Brief the participants. Distribute copies of the handout and briefly explain different stages in the development of a team. Tell participants that they will have to generate a set of directions (or guidelines) for facilitating a team during different stages of its development.
Form teams. Divide the participants into four teams of fewer than seven members. Teams should be approximately the same size. Seat the teams in a circular configuration to facilitate the exchange of envelopes.
Distribute the supplies. Give one Stage Envelope to each team. Also give each team three index cards.
Conduct the first round. Ask team members to discuss the developmental stage on the envelope they received, and to brainstorm practical guidelines for facilitating the team during this stage. Tell them to write these guidelines in short sentences on an index card (which will be referred to as the Directions Card). Announce a time limit of 3 minutes for this activity and encourage the teams to work rapidly. Explain that the teams' Directions Cards will be eventually evaluated in terms of both the number and the quality of the items.
Conclude the first round. After 3 minutes, blow the whistle to announce the end of the first round. Explain that each team should place its Directions Card inside the envelope and pass the envelope, unsealed, to the next team. (The last team gives its envelope to the first team.) Ask the teams not to open the envelope they receive.
Conduct the second round. Ask the teams to review the developmental stage on the envelope they received, but not to look at the guidelines on the card inside. Tell the teams to repeat the first-round procedure and to list (on a new Directions Card) practical guidelines for facilitating a team in this stage. After 3 minutes, blow the whistle and ask the teams to place the Directions Card inside the envelope and pass it to the next team.
Conduct another round. If you have time, conduct one more round of the game, using the same procedure. If you are pressed for time, you may begin the evaluation round after the second round.
Conduct the evaluation round. Start this round just as you did the previous rounds. However, explain to the teams that they do not have to write any more guidelines on new Directions Cards. Instead, the teams must evaluate the Directions Cards inside the envelope. They do this by reviewing each guideline on each card and then comparing the cards with one another on the basis of their overall effect. The teams have 100 points to distribute among the guideline cards to indicate each card's relative merit. Announce a suitable time limit for this evaluation activity.
Present the results. At the end of the time limit, check on the teams to ensure they have completed their task and have recorded score points on each Directions Card. Select a team at random to present its evaluation results. Ask the team to announce the developmental stage written on the envelope and to read the guidelines on each Directions Card, beginning with the card that received the least number of points. The team should progress from one card to the next in an ascending order of the number of points. After reading all cards, the team should announce how it distributed the 100 points and briefly explain the criteria used for distributing the points.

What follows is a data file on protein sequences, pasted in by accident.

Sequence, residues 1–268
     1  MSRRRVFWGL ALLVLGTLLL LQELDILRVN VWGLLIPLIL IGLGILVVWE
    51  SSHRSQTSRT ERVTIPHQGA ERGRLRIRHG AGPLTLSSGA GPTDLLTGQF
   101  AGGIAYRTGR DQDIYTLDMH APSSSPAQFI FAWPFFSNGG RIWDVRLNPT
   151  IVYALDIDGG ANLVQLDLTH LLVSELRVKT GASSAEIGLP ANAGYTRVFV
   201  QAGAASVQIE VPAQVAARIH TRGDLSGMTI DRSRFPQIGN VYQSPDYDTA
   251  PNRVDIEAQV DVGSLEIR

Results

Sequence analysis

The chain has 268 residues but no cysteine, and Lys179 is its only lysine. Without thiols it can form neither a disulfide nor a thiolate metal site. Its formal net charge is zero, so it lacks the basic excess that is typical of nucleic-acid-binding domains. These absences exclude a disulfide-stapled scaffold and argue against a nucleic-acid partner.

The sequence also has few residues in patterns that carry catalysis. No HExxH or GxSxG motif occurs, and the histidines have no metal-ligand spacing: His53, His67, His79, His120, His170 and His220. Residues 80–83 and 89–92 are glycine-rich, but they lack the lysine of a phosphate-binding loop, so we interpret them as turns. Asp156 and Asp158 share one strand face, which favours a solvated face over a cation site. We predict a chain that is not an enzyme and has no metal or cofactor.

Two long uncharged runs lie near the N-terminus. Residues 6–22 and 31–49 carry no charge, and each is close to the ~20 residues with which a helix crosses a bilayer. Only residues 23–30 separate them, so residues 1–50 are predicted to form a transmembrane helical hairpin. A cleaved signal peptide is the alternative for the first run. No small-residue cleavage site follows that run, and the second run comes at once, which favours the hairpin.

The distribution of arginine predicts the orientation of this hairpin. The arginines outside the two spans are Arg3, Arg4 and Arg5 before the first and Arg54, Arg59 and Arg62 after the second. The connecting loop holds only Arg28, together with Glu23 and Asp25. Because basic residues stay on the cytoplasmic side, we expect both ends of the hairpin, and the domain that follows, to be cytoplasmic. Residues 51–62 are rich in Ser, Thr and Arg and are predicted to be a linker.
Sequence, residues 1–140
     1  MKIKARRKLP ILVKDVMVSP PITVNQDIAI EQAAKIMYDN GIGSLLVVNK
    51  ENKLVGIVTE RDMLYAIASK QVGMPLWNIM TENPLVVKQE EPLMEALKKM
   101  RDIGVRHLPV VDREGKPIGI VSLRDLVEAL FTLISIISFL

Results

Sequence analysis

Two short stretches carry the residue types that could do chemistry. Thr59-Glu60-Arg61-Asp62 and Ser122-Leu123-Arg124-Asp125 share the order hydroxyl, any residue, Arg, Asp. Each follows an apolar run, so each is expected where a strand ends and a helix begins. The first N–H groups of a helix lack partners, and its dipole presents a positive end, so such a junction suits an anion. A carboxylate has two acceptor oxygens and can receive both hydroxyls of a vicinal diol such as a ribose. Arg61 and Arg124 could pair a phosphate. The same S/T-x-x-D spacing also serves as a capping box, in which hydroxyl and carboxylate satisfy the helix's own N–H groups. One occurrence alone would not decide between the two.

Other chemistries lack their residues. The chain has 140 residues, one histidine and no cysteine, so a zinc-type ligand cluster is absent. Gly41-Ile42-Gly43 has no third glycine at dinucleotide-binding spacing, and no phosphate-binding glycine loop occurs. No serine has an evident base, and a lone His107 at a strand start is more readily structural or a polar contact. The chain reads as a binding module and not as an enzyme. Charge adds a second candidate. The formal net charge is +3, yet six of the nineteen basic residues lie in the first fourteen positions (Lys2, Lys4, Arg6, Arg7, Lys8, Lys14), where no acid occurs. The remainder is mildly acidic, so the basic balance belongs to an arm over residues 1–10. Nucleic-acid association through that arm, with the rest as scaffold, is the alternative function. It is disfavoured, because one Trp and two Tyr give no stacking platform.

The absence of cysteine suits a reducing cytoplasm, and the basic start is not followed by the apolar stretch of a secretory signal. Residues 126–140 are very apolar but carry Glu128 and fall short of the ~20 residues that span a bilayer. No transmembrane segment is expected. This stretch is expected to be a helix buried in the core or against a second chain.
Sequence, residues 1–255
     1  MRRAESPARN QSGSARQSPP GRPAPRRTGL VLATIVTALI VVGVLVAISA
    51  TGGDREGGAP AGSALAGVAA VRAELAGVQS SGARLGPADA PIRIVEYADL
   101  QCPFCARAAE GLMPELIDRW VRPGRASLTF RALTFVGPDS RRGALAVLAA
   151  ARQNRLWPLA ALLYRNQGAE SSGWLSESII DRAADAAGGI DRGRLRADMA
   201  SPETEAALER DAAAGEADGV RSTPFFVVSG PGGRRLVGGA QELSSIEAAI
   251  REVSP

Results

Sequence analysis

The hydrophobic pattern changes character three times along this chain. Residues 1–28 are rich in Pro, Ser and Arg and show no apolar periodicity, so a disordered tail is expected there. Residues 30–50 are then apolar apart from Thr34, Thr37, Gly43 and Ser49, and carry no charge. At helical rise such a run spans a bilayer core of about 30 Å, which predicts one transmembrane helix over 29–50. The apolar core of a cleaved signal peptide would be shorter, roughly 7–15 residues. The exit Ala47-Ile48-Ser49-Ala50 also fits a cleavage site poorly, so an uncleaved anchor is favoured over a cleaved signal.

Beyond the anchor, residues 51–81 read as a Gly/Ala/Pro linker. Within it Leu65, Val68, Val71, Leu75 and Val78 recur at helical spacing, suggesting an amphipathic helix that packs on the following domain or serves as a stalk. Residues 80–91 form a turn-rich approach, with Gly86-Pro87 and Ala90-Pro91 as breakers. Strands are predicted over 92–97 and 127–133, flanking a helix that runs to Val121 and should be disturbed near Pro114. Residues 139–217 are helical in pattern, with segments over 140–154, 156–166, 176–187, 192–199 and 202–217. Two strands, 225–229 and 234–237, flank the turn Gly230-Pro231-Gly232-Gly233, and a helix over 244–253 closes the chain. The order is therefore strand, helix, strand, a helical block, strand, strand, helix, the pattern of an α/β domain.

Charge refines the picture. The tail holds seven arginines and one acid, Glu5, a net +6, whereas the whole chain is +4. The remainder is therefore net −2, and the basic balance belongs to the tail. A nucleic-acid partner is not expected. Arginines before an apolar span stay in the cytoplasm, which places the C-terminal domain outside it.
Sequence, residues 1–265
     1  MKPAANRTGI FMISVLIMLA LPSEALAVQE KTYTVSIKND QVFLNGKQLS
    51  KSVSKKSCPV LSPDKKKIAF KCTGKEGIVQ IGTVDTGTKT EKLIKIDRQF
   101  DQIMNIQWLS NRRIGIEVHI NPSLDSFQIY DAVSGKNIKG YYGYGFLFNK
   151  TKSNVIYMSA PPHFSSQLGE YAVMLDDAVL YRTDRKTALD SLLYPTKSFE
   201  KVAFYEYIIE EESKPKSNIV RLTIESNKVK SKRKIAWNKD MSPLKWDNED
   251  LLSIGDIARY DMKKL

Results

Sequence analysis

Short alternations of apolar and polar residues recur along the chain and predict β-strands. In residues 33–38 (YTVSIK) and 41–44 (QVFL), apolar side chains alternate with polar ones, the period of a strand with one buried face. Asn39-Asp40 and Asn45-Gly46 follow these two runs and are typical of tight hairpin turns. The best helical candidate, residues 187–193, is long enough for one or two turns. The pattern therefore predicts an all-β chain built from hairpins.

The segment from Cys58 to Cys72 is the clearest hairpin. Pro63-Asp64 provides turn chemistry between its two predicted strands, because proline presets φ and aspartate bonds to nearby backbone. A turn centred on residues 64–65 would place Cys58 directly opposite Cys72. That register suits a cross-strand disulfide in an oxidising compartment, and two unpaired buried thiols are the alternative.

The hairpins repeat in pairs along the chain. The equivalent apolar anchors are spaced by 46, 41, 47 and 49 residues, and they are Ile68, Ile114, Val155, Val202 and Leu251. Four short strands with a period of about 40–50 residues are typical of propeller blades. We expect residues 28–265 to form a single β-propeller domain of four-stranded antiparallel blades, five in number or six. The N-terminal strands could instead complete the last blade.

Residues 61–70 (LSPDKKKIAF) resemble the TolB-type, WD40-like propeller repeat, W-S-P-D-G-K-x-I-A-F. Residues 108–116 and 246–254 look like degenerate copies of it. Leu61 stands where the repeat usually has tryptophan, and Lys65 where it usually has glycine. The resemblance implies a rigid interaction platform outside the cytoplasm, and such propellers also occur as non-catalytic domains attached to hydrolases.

Determine the Winner. Instruct the teams to place all the Directions Cards on a table at the front of the room; then call for a representative from each team to collect its Directions Cards and return them to the team. Ask the teams to add up the points on their cards to determine their total score. Invite the members of each team to announce how many points they received, and identify the team with the highest score as the winner.
Debrief the participants. Briefly comment on the interesting patterns among the guidelines for facilitating during different stages. Ask the participants to identify the stage for which it was the most difficult to come up with suitable guidelines. Invite the participants to offer their comments and to ask questions about the activity.
Not enough time? Announce tight time limits. For example, allow only two minutes for each round. Play only two rounds of the game before conducting the evaluation round. Eliminate the evaluation round.
Too few players? Conduct the game among individual players. All you need is a group of three participants. Play the game twice, using two different sets of envelopes.
Too many players? Divide the large group of participants into three or more subgroups. Have each subgroup divide itself into teams and play the game in a parallel fashion.
Complaints about subjective evaluation? Prepare and distribute a rating scale for evaluating the quality of the guidelines. Or skip the evaluation. Instead, ask teams to review the items on different cards and consolidate them into a single set of the top five items.
Source: Thiagi Group